"Ultra-Low Energy Manipulation of Spin in Nanostructures"

Weigang Wang , University of Arizona
[Host: D. Louca]

Information technology backed by sophisticated semiconductor devices have deeply changed our society in the past two decades, with AI-driven tools such as ChatGPT posited to bring even deeper impact. However, in the physics governing devices behind most of these applications, we have only utilized the charge carried by electrons, while ignoring the other inherent quantum property, the spin.  My research focuses on the understanding of the spin degree of freedom of electrons at nanoscales. First I will give an introduction on a few key phenomena in the field of spintronics, such as the coherent tunneling of spins by controlling the symmetry of the wavefunctions, and the exchange scattering effect in materials with compensated magnetization where the spins can be manipulated in the picosecond time scale. Then I will present in detail one of our research directions in which we attempt to control the order parameter of magnetic systems by using electric fields, instead of magnetic fields or spin-polarized currents. Through the voltage controlled magnetic anisotropy effect where the energy of the system can be modified by the redistribution of wavefunctions induced by external electric potentials, a 100-fold reduction in switching current density has been realized. We have demonstrated that both the magnetic anisotropy and saturation magnetization of a metallic ferromagnet can be controlled by voltage, leading to a new method to modify the interlayer exchange coupling of the system, directly verified by in-situ X-ray magnetic circular dichroism experiment. In addition to the ferromagnetic order, the antiferromagnetic order can also be effectively manipulated by electric fields. Finally, I will describe our recent effort to reduce the switching energy of magnetic tunnel junctions. By controlling the spin-orbit interaction of the system using a remote doping technique, we have achieved a record-low switching energy of ~3 fJ using sub-ns voltage pulses.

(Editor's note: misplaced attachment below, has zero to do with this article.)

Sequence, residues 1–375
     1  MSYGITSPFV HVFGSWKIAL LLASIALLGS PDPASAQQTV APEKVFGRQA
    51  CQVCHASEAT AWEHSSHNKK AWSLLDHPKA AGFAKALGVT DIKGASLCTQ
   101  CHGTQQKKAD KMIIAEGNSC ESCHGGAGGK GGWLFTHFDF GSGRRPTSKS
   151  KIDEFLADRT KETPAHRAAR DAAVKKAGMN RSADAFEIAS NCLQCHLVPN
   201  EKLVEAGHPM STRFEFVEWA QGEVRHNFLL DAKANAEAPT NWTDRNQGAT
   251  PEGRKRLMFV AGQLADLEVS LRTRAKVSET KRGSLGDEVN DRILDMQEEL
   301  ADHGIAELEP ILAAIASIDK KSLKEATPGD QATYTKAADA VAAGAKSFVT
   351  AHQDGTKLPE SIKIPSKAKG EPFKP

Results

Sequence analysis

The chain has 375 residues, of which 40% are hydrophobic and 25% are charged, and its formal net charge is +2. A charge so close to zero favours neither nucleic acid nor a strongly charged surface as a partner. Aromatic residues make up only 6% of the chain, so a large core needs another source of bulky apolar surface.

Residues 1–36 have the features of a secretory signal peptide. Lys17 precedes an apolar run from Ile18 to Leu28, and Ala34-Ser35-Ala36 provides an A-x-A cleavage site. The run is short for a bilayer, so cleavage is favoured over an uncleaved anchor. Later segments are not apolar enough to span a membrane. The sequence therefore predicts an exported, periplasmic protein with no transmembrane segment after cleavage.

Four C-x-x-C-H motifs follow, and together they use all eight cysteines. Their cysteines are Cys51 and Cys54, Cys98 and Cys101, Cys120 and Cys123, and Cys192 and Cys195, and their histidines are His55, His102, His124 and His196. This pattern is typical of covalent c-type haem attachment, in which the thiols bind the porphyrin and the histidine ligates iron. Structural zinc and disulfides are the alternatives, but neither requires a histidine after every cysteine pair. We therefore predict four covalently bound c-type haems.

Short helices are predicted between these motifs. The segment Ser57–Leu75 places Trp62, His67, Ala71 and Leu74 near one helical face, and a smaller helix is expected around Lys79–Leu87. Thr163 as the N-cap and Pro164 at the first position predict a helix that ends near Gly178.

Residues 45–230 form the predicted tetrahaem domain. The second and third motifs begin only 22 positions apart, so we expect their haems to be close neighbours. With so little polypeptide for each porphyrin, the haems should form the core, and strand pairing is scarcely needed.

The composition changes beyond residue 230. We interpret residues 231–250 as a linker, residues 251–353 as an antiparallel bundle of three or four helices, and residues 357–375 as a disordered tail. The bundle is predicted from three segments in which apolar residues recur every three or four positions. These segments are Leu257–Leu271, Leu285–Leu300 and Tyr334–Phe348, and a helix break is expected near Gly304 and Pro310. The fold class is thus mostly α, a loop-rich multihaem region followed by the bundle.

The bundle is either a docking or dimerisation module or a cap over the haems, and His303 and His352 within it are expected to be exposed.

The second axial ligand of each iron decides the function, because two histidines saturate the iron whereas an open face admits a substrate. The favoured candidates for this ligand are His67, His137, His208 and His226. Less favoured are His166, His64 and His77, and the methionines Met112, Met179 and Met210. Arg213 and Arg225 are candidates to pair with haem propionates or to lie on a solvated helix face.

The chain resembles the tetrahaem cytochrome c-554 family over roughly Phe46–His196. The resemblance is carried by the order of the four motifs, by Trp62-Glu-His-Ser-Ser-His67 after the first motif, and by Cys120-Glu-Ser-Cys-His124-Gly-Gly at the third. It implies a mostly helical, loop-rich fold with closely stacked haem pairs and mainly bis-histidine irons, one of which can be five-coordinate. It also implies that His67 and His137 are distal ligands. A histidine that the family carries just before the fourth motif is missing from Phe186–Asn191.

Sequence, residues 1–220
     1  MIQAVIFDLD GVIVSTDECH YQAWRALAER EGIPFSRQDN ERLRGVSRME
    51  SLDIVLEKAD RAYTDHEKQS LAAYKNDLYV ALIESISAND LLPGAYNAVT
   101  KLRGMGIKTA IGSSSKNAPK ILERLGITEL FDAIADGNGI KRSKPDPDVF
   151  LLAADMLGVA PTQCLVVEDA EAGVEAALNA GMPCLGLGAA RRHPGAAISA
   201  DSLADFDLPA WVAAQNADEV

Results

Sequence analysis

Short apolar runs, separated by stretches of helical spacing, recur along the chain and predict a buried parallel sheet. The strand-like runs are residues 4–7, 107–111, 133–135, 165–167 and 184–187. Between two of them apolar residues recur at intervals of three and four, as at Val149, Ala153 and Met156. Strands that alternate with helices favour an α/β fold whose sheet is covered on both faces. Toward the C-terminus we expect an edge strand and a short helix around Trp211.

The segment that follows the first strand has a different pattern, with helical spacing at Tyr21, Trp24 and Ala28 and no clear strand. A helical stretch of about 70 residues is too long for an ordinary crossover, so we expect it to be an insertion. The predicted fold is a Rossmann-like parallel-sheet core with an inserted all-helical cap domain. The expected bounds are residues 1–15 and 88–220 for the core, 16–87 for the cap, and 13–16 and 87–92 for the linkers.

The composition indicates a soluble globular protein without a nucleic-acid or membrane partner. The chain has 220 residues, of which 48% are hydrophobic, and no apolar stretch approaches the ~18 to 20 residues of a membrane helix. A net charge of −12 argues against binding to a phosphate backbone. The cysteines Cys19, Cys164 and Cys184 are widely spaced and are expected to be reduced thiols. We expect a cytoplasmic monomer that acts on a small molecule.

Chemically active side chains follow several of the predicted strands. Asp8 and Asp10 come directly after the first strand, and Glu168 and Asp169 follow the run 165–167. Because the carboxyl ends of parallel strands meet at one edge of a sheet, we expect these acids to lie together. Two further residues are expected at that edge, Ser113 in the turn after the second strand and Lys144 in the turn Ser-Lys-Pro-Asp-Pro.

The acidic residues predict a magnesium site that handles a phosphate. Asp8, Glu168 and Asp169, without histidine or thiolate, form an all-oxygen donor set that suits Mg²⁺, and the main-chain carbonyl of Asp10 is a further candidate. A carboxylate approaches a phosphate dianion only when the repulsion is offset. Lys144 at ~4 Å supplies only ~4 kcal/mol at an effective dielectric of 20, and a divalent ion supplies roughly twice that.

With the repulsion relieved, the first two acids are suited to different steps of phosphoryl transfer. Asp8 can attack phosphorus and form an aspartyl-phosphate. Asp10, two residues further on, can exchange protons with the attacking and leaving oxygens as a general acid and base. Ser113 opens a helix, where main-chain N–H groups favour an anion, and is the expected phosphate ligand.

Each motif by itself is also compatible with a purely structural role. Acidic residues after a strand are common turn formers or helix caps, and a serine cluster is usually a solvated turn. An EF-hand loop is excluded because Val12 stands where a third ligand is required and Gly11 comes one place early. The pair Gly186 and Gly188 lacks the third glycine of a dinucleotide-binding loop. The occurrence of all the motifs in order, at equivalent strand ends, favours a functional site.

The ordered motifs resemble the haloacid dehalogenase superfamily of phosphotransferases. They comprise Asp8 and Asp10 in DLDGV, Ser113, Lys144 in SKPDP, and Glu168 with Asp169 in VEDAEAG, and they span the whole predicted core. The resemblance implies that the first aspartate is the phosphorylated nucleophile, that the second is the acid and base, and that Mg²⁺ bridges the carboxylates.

Condensed Matter Seminar
Monday, February 13, 2023
3:30 PM
Monroe Hall, Room 110
Note special date.
Note special room.

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